‘Wines by northwest’ pour excellence

Michael Muckian, Contributing writer

California gets all the attention when it comes to wine produced in the United States. With wineries concentrated mostly in regions such as Napa and Sonoma, the state produces almost 90 percent of  the wine made in the nation.

But turn your western gaze a little more northwesterly. Washington and Oregon have winemaking legacies nearly as long as California’s, and those states’ pinot noir, chardonnay and excellent vintages are pushing them further into the limelight. The states rank as the third and fourth highest-producing states in the nation behind California and New York.

Washington boasts an $8.6 billion wine industry, more than half of which comes from wine tourism. More than 50,000 acres of vineyards (owned and operated by about 800 wineries and 350 ancillary grape growers) produce 12.5 million cases of wine in the state. Production is more or less evenly distributed between red and white varietals.

Oregon lags its northern neighbor but still boast $2.7 billion industry that’s built largely on the reputation of its pinot noir. The state’s 545 wineries produce 72 varieties of grapes, and production numbers continue to increase. 

We reviewed wines from the Pacific Northwest and created a mixed list of favorites grouped by color and varietal.

WHITES

Although not as well-known as some of its counterparts, the pinot gris grape has been producing top quality wines worldwide for generations, largely in cooler climates. Known for a honey-like flavor palate, Pacific Northwest pinot gris also has a spritzy, fruity quality that makes it one of the region’s most successful varietals.

Two wines from Oregon stand out. The Acrobat 2013 Pinot Gris ($12), produced by King Estate, offers a palate of citrus and green apple backed by a youthful effervescence that makes the wine ideal for warm fall days. 

The winery also offers a stronger version under its own brand. King Estate 2012 Domaine Pinot Gris ($25) pours with a bit more authority. A similar fruit-and-acidity approach brightens the palate, which is then treated to essences of pear, citrus and tropical fruit backed by a honeyed apricot nose, giving the wine more character and grace than its lower-priced sibling.

Chenin blanc, which originated from and is still cultivated in France’s Loire Valley, is undergoing a resurgence in popularity. Try wines like Pacific Rim 2013 Chenin Blanc ($11), from Hilary Hahn Vineyards in Washington’s Yakima Valley. The wine’s floral aromas lead to flavors of melon and Key lime while suggesting traces of minerality underneath its refined surface.

Chardonnay looms large in the Pacific Northwest, and the Columbia Winery’s Chardonnay ($11) offers a nicely oaked version of the familiar varietal. A balanced palate blends acidity and a vanilla sweetness from its oak aging that’s augmented by apple, pear and tropical fruit overtones.

Cooler climates also bode well for Riesling production, and the winemakers at North by Northwest find subtle expression in fruit from vineyards on both the Oregon and Washington sides of the Columbia River Valley.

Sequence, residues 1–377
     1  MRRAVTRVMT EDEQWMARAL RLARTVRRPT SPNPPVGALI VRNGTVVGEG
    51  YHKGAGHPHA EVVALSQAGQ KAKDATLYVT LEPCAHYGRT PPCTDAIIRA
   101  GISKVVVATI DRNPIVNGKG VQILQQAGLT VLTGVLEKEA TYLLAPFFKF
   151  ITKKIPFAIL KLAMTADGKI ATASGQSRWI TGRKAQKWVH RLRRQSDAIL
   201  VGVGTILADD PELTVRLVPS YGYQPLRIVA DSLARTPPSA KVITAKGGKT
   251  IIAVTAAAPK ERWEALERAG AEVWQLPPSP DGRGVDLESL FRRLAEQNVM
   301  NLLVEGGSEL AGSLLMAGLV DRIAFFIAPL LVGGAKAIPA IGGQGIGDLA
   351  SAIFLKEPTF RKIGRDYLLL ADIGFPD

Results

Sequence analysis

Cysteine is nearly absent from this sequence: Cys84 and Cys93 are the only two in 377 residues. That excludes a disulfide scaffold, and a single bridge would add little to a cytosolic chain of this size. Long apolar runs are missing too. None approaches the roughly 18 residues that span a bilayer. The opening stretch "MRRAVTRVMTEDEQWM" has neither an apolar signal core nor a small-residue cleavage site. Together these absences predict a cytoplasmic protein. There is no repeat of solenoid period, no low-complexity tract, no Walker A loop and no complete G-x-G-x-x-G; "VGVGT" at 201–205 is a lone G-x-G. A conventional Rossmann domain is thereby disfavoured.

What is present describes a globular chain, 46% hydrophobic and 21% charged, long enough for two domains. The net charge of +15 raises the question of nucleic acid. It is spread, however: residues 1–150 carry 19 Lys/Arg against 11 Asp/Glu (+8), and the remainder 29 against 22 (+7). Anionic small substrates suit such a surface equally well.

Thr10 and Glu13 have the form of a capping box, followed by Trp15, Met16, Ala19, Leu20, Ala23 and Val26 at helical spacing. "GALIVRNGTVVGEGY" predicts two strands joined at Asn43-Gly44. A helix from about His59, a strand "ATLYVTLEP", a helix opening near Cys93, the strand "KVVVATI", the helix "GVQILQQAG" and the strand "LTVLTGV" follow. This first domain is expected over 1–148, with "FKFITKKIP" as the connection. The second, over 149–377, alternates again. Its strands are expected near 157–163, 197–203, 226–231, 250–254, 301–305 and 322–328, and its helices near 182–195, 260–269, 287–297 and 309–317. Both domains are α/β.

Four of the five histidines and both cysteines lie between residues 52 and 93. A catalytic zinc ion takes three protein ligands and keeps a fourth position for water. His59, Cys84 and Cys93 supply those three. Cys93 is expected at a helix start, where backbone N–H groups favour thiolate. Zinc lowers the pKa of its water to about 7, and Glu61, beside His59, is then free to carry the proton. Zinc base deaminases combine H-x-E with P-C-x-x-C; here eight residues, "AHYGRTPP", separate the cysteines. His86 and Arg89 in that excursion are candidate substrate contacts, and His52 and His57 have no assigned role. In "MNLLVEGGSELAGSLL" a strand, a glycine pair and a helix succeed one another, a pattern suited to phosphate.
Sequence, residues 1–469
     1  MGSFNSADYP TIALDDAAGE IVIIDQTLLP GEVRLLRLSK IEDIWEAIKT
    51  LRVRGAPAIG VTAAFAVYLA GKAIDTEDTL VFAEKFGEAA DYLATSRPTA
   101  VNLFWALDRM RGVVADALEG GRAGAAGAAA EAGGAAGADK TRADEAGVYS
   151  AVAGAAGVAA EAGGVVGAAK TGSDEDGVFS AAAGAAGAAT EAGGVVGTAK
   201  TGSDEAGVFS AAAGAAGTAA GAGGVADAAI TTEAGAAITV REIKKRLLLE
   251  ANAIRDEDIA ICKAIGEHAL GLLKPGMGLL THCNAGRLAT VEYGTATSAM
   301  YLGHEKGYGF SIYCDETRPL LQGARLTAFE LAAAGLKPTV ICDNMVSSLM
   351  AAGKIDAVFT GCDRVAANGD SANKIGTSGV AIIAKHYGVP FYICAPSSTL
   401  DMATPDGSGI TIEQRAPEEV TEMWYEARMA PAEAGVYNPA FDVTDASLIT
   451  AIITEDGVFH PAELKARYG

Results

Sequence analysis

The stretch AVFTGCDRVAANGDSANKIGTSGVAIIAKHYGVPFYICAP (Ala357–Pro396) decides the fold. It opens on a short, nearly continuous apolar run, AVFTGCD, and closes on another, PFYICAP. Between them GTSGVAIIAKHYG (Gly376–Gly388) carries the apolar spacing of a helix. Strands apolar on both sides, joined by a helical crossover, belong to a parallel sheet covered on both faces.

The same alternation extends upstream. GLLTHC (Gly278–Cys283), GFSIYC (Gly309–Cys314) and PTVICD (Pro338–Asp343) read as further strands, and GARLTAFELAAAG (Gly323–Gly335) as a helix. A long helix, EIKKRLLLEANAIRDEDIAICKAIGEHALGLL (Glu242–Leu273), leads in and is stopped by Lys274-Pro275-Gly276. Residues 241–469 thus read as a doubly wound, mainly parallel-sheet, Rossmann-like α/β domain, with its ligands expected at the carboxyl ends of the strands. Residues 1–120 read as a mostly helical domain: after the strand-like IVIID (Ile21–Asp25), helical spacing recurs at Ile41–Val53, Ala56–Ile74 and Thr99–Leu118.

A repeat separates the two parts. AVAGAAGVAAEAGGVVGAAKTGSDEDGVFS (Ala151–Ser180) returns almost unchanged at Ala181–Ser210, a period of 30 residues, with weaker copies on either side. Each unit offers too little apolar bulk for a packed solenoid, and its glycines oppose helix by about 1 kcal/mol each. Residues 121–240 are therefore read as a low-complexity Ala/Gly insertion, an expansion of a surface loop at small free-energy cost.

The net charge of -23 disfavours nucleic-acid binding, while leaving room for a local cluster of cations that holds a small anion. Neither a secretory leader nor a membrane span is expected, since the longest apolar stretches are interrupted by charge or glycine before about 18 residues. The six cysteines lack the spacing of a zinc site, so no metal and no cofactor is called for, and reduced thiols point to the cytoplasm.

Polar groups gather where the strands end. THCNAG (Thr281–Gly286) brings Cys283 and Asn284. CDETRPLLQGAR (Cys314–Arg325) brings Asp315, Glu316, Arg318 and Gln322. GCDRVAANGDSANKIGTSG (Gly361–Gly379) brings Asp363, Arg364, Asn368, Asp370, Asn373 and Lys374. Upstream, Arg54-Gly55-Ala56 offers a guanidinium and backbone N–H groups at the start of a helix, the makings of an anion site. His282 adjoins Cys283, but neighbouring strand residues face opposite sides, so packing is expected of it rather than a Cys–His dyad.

The NxNW 2011 Horse Heaven Hills Riesling ($10) offers a drier expression of the familiar white wine. Golden straw in color, with aromas of peaches, jasmine and even graham cracker, the wine pours with flavors of apricot, mango and citrus, offering a good balance of fruit and acidity, with a lingering, satisfying finish.

The same winery offers a late harvest varietal, the NxNW 2011 Riesling ($15 for 375 ml) that is richer, sweeter and more viscous than its younger sister. With a nose of summer berries and bubblegum, the dessert wine offers essences of mandarin orange, blackberry and sour cherry on the palate. 

REDS

Although technically not a red, the 2013 Acrobat Rosé of Pinot Noir ($16) serves as a fine crossover to heartier wines. Lively acidity balances with bold fruit in this fruit-forward Oregon wine. You’ll find surprising notes of spice, strawberry and even a touch of kiwi on the palate.

We can’t mention Oregon wines without immediately thinking of the state’s rich and vibrant pinot noir profile. The opportunities are almost too many to mention, but here are two worth trying:

The 2012 Iris Vineyards Oregon Pinot Noir ($20) pours a deep garnet with aromas of anise, plum, black cherry and a touch of smoke. The cherry and plum appear on the palate of the medium-bodied wine along with dark chocolate baking spices and maybe even a little graham cracker, finishing long and clean.

The 2012 King Estate Signature Pinot Noir ($25) offers dark fruit aromas balanced with earthiness and spice. Those essences carry through to the flavor palate, which offer good balance, mellow acidity and nice complexity.

Pinot noir does not play a role in the 2011 g3 Red Wine ($15) from Goose Ridge Estate in Washington’s Columbia Valley. The red blend, composed of (in descending order) cabernet sauvignon, merlot, syrah, malbec, mourvèdre, petit verdot and cabernet franc grapes, combines elements of red fruit and crisp red apple on the palate. Its oak aging adds notes of vanilla and spice to the wine’s long and supple finish.

Other Columbia Valley reds are gaining attention, including the Columbia Winery Merlot ($12). Blended with small percentages of syrah and cabernet sauvignon, the wine pours a deep red with a distinctly purple edge. The merlot’s rich, almost plush mouthfeel offers highlights of cherry and plum with notes of toasty oak and vanilla from its barrel aging.

But Skyfall Vineyard 2012 Cabernet Sauvignon ($13) was one of our most pleasant surprises. Only 5,000 cases were produced, but the resulting vintage has a boysenberry and dark chocolate nose matched to flavors of black cherry, butterscotch and maybe even a hint of crème brûlée. This one is often tough to find, but it’s worth the search.

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